Although the probability is small, the payoff when you've "made it" is magnitudes larger compared to cost. It's a gamble, but who doesn't love gambling? No wonder we're all addicted.
I also plotted the wealth of the richest person against mean household wealth, and it's a similar 100,000x difference. Financial rewards are also something that do not have a ceiling.
Many such "scalable" areas have been assisted by technology. Tech has abstracted away the physical layer of effort from many things, transforming what were once variable costs into fixed costs. By flattening the growth of costs, tech has enabled the growth of reward.
In the distant past, if you wanted to spread a new idea, you were limited by how many places you could visit. With the invention of the printing press, life got easier, but you still incurred costs for every physical piece printed, limiting your reach. Now, you can send ideas for free, to anyone, instantaneously. It’s far easier to get runaway growth than before.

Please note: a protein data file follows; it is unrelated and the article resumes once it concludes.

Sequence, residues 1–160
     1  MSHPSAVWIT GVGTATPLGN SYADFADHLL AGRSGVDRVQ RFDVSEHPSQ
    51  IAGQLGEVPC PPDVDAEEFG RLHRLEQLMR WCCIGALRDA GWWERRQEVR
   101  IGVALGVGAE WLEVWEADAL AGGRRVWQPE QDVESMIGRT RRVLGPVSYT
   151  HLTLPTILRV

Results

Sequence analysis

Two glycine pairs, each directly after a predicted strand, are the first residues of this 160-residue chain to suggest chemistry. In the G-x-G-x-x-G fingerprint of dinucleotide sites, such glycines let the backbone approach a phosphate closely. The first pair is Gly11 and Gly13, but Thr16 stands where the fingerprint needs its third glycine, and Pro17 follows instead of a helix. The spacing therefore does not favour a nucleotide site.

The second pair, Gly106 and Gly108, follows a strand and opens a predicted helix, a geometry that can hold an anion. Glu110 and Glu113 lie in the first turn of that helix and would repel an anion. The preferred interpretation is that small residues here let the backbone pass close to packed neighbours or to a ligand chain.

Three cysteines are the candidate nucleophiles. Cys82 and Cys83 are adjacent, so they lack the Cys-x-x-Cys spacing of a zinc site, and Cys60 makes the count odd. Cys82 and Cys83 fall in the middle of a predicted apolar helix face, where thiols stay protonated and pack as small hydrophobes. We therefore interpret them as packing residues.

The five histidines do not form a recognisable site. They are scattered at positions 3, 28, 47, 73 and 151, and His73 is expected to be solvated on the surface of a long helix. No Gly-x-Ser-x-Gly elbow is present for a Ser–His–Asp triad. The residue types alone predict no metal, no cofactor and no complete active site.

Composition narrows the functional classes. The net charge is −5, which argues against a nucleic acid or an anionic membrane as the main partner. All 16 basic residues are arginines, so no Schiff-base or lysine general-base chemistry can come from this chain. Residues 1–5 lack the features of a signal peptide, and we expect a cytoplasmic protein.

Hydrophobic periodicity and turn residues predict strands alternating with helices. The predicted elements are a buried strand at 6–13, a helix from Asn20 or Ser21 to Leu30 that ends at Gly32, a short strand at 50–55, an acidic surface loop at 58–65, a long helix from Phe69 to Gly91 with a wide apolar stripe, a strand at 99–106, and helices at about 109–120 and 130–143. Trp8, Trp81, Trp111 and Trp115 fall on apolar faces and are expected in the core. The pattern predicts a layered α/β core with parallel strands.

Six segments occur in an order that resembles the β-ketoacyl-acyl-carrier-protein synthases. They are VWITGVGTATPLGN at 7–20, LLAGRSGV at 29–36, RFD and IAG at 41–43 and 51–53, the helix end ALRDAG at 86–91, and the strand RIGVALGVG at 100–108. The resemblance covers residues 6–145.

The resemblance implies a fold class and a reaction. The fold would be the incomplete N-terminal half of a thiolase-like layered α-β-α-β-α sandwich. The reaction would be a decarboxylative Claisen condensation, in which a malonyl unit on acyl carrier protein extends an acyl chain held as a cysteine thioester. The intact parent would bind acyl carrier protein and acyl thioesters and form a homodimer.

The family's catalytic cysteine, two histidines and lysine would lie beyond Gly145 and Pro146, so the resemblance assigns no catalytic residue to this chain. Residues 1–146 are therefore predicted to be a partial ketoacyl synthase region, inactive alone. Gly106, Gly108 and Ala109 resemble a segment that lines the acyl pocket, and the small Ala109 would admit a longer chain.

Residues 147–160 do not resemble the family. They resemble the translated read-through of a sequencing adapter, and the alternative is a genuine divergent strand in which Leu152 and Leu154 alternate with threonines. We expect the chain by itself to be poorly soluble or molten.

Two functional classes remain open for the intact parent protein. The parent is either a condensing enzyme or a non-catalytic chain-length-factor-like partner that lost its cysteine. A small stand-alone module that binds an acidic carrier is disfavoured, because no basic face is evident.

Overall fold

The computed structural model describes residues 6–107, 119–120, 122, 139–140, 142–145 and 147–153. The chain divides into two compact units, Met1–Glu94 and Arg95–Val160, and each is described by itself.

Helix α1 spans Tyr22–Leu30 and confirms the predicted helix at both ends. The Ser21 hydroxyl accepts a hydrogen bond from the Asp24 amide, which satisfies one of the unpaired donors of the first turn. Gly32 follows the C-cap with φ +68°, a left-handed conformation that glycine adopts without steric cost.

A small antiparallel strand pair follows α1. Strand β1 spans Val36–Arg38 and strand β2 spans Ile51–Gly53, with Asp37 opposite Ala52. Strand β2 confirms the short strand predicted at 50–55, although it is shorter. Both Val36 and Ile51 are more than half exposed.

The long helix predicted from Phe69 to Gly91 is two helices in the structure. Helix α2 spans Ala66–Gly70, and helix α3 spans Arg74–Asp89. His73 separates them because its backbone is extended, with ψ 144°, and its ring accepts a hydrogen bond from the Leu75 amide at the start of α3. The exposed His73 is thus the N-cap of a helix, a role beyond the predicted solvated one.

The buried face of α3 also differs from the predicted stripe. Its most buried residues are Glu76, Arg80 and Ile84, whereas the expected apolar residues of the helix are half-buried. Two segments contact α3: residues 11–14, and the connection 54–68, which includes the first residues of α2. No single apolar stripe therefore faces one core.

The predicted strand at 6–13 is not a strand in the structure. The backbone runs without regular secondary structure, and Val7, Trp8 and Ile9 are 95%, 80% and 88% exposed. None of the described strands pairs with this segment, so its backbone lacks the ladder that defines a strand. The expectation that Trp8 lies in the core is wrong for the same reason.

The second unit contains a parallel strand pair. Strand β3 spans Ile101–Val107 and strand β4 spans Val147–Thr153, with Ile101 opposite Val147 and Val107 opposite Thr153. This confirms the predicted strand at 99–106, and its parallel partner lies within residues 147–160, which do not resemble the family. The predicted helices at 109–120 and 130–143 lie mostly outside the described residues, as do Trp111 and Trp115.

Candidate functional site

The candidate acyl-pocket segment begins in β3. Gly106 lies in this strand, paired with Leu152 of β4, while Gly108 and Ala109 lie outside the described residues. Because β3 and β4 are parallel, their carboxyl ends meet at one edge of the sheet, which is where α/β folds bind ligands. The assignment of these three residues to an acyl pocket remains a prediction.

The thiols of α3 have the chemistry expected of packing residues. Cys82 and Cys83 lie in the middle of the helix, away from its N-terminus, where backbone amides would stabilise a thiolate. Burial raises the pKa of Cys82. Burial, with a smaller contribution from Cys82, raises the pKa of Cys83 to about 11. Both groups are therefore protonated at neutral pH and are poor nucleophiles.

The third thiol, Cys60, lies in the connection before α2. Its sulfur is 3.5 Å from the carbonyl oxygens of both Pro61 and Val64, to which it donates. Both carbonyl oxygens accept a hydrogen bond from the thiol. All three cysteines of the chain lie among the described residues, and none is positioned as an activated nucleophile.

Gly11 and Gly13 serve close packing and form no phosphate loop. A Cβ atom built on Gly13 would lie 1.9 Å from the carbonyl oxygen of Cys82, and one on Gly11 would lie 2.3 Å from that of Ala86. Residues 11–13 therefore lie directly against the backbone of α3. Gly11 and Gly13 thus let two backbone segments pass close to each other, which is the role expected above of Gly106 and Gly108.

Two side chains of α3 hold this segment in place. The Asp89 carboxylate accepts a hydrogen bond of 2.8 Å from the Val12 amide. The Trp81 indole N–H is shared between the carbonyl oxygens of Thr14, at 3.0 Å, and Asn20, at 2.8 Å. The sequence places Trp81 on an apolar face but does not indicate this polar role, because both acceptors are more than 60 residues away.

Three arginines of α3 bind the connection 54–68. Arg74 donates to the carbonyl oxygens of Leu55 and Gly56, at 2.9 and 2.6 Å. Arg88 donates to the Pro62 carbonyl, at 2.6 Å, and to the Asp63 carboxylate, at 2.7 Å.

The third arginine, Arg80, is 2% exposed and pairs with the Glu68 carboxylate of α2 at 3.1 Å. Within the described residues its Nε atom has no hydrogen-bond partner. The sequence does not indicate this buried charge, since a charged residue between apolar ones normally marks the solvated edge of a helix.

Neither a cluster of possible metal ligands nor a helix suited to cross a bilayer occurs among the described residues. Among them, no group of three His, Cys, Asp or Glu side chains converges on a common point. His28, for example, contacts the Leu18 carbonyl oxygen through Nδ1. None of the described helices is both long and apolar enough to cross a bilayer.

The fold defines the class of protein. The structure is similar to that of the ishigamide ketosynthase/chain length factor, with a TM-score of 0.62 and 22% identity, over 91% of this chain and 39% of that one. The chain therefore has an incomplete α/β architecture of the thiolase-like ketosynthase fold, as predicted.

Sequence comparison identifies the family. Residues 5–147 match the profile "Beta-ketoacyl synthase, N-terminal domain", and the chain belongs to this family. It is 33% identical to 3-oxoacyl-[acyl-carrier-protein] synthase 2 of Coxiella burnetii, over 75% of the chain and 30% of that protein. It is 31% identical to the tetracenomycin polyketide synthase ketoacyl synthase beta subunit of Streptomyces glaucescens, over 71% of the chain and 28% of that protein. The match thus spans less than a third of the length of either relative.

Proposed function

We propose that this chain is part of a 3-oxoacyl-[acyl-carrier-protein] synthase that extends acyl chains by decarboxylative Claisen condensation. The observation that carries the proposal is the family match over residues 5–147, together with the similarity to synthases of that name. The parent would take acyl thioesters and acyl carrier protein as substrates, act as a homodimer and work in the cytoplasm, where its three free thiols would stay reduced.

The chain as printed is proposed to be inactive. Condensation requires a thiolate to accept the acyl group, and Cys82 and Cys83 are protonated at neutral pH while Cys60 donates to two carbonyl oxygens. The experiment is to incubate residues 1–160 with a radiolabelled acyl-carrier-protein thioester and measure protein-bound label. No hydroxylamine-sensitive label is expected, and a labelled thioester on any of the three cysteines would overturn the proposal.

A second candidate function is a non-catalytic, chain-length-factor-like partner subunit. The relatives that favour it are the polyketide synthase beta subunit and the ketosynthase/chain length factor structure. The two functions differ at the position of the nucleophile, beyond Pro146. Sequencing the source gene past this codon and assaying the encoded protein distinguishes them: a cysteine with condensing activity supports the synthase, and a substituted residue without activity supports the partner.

Faster distribution, higher growth, stronger outcomes.
Some of you might relate this to power laws, and how networks can have parts that are dramatically more important than others. There's some debate over whether power laws exist in real life, but it's indeed the same concept - there are systems where people, things, or parts are vastly more significant 10.
To be clear, I'm not saying that all there is to life is to min-max your influence or wealth. However, knowing the potential upper bound of an area is helpful for figuring out how much effort you might want to put in, and where to stop. Being 10x better usually involves moving away from the physical and into the technological.
A friend at Stripe is hiring sourcers for her Business Recruiting team; feel free to email me if interested
I spoke with the community manager at Fiveable, check them out if you're looking for high school interns